The second option is to completely remove the suspended floor and install a solid floor. This may seem extreme but in some areas of the country the atmospheric humidity is at or above 80% for many months of the year. Consequently the moisture levels in the timbers within the floor regularly reach and exceed the critical moisture content threshold of 20%, above which rot can occur, making it impossible to insulate the floor structure without risk to the timber structure.

In these areas it can often be the heat loss form the floor that keeps the timbers dry enough not to rot and so insulating the floor actually makes the situation worse. since there is much less heat available to dry the timbers.

If a solid floor structure is to be installed then the standard concrete slab with insulation above and hardcore and damp proof membrane below can be used. Alternatively, Foamglas aggregate can be used as the insulant and also to fill the existing floor void. The Foamglas doesn’t allow the passage of liquid water and it’s thermal conductivity is not affected by moisture and so it can be laid directly on to compacted earth. A damp proof membrane can be installed over the top and then, along with a levelling layer, a 22mm wood fibre insulation board and Lithotherm underfloor heating tiles, the floor finish can be laid.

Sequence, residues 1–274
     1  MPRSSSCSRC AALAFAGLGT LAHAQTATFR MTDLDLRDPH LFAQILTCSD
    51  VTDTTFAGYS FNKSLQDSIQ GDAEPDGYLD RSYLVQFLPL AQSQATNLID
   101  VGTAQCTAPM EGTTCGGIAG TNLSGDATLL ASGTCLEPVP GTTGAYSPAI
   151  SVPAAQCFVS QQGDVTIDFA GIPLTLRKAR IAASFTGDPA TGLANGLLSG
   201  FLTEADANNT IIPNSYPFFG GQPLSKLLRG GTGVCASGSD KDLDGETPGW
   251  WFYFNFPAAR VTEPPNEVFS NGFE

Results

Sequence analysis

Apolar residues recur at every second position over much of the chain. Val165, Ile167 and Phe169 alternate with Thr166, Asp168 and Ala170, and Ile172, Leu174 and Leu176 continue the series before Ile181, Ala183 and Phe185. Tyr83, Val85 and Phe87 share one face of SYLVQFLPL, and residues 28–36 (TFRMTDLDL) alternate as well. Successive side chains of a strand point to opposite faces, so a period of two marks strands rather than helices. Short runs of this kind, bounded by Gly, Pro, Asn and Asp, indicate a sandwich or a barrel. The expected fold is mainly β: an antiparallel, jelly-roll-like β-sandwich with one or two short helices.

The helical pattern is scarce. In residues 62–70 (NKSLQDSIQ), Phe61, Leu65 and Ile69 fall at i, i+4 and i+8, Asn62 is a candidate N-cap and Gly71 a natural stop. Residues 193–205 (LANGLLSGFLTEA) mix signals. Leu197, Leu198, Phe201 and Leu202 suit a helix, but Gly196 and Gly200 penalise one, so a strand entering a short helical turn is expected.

If you’d like advice on how to insulate your suspended floors please contact us at or alternatively give us a call on 01392 861763.

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  1. Hi Chris,
    The main wood suspended floor (42sqm) on our Grade II listed community room is decaying due to water below. We have raised sufficient funds to replace it but need to ensure that the solution is effective long term and is acceptable to the Conservation Officer. There is a gap of approximately 15″ between the underside of the softwood floor and the earth below. In wet weather up to 2′ of water accumulates below. There are springs in the area and the recent wetter weather is probably exacerbating the problem, additionally I do not think the ventilation below is adequate and the room is only heated when in use.. The alternatives seem to me to be a new suspended floor with a sump and pump below or a solid floor,. The CO would probably accept a Limecrete floor but where would the water then go.
    Appreciate your advice.

    • Hi Steve

      Thanks for getting in contact, sorry for the late reply.

      In this scenario I’d suggest removing the suspended floor, filling it in with the Foamglas aggregate Geocell and turning it into a solid floor, as per our guide here –

      Essentially, you’re always going to have standing water in wet weather and even if you cover the soil with an oversite, you’re very likely to get standing water on top. With standing water, even very high ventilation rates are likely to cause issues for timber suspended floors, with or without breathable insulation. Therefore, I would suggest that the floor is removed and replaced as per the above.

      This will not prevent the water from coming up into the foamglas but as the foamglas is a closed-cell product, it will not fill up with water and it’s insulation performance will not be significantly affected. Water can rise and fall through the aggregate without issue and you will no longer need to worry about timber decay.

      Hope that helps.